Type I Cepheids show are located on the Instability Strip of an HR diagram and are massive supergiant stars. Their pulsation mechanism is discussed in more detail below.
Type II Cepheids are named after the first star identified in this group, W Virginis. It has a period of 17.2736 days, magnitude range of 9.46 - 10.75 and a spectral class range of F0Ib-G0Ib.
W Virginis -type Cepheids are intrinsically less luminous by 1.5 - 2 magnitudes than the Type I Classical Cepheids and have typical periods of 12 - 30 days. As they are older stars than Type Is their spectra are characterised by having lower metallicities. Type II light curves show a characteristic bump on the decline side and they have an amplitude range of 0.3 - 1.2 magnitudes.
As with the Type I Cepheids they also display a similar well-defined period-luminosity relationship and can be used for distance determination.
These old population II giant stars are mostly found in globular clusters. They are characterised by their short periods, usually about 1.5 hours to a day and have a brightness range of 0.3 to 2 magnitudes. Spectral classes range from A7 to F5. RR Lyrae stars are less massive than Cepheids but they also follow their own period - luminosity relationship, with a mean absolute magnitude of +0.6. They are thus useful in determining distances to the globular clusters within which they are commonly found to a distance of about 200 kiloparsecs. Sub-types are classified according to the shape of their light curves.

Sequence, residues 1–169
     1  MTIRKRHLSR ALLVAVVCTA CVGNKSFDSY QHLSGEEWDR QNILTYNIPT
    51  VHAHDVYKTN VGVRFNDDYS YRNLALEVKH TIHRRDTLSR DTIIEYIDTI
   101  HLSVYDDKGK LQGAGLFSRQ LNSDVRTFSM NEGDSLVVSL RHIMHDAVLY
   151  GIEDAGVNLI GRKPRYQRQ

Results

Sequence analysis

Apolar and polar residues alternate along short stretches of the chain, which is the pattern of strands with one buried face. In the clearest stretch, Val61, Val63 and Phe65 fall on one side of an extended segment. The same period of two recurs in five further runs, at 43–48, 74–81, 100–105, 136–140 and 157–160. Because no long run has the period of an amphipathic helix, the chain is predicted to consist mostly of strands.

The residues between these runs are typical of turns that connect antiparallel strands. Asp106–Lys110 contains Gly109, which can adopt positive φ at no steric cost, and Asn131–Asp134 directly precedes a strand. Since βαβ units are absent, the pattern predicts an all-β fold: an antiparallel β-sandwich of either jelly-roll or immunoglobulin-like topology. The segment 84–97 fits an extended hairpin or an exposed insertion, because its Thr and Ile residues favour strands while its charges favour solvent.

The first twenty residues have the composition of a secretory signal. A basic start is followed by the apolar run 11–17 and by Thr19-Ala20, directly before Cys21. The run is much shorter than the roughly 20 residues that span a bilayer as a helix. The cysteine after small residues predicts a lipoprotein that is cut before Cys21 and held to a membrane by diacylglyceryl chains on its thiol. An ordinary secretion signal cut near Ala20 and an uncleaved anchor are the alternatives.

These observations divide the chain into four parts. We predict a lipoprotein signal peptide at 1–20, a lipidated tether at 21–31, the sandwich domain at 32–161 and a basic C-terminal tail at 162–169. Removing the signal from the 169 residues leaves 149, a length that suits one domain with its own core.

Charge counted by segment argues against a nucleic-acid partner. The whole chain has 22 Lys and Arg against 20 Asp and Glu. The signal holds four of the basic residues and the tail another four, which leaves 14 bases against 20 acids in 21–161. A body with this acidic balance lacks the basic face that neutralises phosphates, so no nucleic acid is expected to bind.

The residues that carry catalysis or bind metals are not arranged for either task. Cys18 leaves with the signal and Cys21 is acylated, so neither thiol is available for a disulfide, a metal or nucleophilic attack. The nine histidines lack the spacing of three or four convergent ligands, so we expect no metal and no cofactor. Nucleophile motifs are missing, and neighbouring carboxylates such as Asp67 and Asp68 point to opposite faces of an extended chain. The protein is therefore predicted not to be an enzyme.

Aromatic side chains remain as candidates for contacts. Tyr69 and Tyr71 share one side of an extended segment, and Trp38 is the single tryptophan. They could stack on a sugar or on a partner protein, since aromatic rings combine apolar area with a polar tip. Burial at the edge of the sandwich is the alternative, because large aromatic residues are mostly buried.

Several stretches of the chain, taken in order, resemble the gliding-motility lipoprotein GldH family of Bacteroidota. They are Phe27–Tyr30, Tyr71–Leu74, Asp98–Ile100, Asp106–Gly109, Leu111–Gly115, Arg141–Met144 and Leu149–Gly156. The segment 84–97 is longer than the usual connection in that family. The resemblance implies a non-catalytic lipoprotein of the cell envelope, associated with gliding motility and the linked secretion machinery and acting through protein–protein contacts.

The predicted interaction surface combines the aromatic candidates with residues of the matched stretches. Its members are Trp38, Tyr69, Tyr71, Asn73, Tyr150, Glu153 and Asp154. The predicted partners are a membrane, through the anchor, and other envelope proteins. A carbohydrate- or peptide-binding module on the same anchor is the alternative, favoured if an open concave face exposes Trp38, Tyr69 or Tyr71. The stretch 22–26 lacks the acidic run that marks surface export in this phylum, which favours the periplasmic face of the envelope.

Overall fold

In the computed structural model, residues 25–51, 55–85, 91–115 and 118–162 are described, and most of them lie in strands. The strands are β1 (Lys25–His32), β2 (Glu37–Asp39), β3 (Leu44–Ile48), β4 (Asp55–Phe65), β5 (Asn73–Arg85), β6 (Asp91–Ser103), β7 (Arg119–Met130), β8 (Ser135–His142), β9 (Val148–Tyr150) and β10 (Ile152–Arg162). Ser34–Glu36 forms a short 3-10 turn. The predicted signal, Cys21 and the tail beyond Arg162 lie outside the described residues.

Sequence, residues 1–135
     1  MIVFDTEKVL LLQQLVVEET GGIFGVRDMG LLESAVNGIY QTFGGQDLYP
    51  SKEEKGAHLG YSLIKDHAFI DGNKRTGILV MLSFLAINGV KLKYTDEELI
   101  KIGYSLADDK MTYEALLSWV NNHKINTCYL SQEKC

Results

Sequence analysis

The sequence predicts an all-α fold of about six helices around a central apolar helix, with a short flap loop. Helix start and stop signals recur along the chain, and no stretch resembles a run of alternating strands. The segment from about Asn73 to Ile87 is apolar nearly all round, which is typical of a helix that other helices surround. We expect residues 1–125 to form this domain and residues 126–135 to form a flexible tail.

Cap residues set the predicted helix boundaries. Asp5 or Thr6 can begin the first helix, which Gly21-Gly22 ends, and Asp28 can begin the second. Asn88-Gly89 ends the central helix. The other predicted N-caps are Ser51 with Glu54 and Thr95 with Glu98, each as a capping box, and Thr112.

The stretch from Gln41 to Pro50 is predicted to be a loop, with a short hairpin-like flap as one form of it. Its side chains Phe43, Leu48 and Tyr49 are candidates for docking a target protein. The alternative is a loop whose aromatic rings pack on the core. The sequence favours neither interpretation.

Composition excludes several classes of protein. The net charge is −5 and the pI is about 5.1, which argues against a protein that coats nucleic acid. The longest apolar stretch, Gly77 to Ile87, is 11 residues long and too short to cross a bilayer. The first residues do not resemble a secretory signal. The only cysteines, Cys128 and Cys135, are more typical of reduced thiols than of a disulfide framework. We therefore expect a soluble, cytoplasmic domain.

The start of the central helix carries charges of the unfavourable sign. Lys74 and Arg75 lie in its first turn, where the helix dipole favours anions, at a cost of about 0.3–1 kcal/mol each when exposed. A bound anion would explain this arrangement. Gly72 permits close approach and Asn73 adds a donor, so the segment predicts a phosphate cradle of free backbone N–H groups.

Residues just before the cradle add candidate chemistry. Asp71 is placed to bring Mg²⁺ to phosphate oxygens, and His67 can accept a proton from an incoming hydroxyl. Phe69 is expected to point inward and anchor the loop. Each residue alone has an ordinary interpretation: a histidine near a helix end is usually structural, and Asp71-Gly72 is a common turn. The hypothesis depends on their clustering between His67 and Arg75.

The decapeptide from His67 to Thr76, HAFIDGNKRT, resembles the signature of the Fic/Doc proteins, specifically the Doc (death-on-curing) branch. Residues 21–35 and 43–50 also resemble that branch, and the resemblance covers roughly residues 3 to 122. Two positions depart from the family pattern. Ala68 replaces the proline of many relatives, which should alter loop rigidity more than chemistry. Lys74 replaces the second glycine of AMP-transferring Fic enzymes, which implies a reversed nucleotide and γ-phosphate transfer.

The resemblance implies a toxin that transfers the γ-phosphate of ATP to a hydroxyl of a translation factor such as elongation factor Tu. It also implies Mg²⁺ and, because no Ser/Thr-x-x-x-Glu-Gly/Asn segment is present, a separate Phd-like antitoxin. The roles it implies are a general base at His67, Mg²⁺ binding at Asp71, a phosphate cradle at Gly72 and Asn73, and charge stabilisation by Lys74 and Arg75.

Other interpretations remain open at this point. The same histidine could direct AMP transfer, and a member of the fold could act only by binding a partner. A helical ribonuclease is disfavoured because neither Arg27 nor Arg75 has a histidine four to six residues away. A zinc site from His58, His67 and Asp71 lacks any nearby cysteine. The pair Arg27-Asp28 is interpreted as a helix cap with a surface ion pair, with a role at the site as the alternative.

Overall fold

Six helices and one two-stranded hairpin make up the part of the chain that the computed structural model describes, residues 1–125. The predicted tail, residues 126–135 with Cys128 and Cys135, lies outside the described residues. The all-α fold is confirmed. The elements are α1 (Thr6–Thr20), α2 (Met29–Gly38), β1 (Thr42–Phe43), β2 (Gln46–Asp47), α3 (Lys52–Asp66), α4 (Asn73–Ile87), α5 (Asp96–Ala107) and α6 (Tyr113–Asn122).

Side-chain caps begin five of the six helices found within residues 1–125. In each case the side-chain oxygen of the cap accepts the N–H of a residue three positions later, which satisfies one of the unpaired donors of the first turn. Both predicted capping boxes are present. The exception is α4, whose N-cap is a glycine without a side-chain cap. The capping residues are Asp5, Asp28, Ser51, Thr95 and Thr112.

RR Lyraes fit on the Instability Strip on an HR diagram.
RV Tauri variables are yellow supergiants, mostly G and K-class stars. Their distinctive light curves show alternating deep and shallow minima with the period equal to the time between two successive deep minima. Typical values are 20 - 100 days.
The first pulsating variable discovered was the long-period variable Mira. They are cool red giants or supergiants and have periods of months to years. Their luminosities can range from 10 to 10,000 × LSun. Long-period variables are further classified according to whether they exhibit regular periodicity, such as the Miras or more irregular behaviour,
Mira or ο Ceti, established as a variable in 1638 gives its name to stars of this type. Mira itself has a period of 331 days and varies its brightness by almost 6 magnitudes in the visible waveband during a cycle. A red giant, its radius varies by 20 percent, peaking at 330 times that of our Sun. Its effective temperature ranges from 1,900 K to 2,600 K. It is also a visual binary and its companion is also a variable star.
The Mira-type stars have long periods, ranging from about 80 to 1,000 days, varying by 2.5 to 10 magnitudes visually. Their high luminosities mean they can, at maximum brightness, be detected at large distances. They have tenuous outer layers in their atmospheres which get shocked and heated from the regular pulsations. This can give rise to emission lines in their spectra. Dust grains in their outer atmosphere get heated so they are strong emitters in infrared wavebands. They also show evidence of molecules in these regions.